On Sunday, Krista and I spent the night with my dear friends Cath and Errol. Readers of my books will have met them. Cath owns a property on the River Thames in Maidenhead, and made us a fabulous dinner. These people are so generous of spirit as to make me wonder what I have done to be friends with them. I suspect that if Errol had three pounds left in his pocket, he would spend them buying me a beer.
When we arrived at Windsor, I plonked myself down on the riverbank guarding the canoe and its contents while Krista set off in search of provisions. A procession of fifty-three swans filed past me, most looking hopefully into the canoe for food. Five minutes later, fifty-three swans swam back past me. They had “that” look about them, as though they were trying to decide if it were worth mugging me. They didn’t.
How any member of the waterfowl fraternity could possibly consider being hostile to Krista or I is beyond me. I suspect that Krista is currently keeping the bakers of southern England in business all by herself. By her own admission, she fed bread to something like 250 ducks, geese, swans and coots today. The number may have been a smidgen higher.
Shortly after the incident with the swans, I was passed by a lady pushing a pram along side her young son on a bicycle with training wheels.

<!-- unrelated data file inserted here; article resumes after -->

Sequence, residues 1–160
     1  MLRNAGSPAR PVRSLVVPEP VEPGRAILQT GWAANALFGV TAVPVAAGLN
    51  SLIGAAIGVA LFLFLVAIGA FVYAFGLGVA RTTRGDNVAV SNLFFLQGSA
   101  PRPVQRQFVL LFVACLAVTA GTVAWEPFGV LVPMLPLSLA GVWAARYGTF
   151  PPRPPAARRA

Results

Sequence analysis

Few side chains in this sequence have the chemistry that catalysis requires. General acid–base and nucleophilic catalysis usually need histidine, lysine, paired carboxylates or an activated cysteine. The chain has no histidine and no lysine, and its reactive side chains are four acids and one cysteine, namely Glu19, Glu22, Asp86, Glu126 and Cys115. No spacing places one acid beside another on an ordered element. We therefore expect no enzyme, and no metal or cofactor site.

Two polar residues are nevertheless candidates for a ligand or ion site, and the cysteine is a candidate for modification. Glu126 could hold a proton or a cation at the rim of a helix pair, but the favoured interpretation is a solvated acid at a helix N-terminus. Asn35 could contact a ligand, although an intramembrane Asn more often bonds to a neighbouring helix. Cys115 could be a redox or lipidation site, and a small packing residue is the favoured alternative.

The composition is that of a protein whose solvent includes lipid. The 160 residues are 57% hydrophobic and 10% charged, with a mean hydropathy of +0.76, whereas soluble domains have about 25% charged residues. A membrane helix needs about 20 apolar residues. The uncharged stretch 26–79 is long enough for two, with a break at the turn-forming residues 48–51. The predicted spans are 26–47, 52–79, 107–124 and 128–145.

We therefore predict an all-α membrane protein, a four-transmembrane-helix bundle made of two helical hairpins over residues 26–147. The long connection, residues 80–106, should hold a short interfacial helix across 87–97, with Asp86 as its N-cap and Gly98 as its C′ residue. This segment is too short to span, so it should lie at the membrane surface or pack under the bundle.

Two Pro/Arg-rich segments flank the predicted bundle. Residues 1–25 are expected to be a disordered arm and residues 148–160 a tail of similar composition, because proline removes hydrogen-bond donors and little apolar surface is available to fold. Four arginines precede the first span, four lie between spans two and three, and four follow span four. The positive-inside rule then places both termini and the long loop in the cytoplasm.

“Richard. Stop being silly!”
“I’m not silly. You’re silly.
“No, you are being silly.”
“I am not silly!”
“You are. You are being silly!”
As she passed, she nodded at the canoe and asked if I had room for a passenger.
“Why have you got one to spare?” I asked. She rolled her eyes, and nodded at her son. I wanted to tell the son that I though silliness was one of the finest attributes of a human being, but didn’t think the mum would approve.
In eight hours we comfortably covered the twenty-five kilometres between Maidenhead and Staines. After showering off the grime of travel, we went in search of coffee. While wandering, I came over with a very strange feeling. The terrain was eerily familiar, even though I have never been to Staines. It took me a minute to realize that I had scoured this very scene on Google Earth Street View, looking for a pub called the Blue Anchor. Readers of my Falling Down the Thames blogs will know that I had been trying to find out more about the pigeon named All Alone who had been awarded a medal for meritorious service in WWII. This pigeon is listed on Wikipedia as one of the most famous one-time residents of Staines. The breeder of All Alone had been the publican at the Blue Anchor in the years leading up to the war. The building in front of Krista and I, still adorned with a painting of a blue anchor, seemed completely unoccupied. A little further along the same avenue was a series of billboards depicting animals that had received medals for meritorious service, including one of All Alone.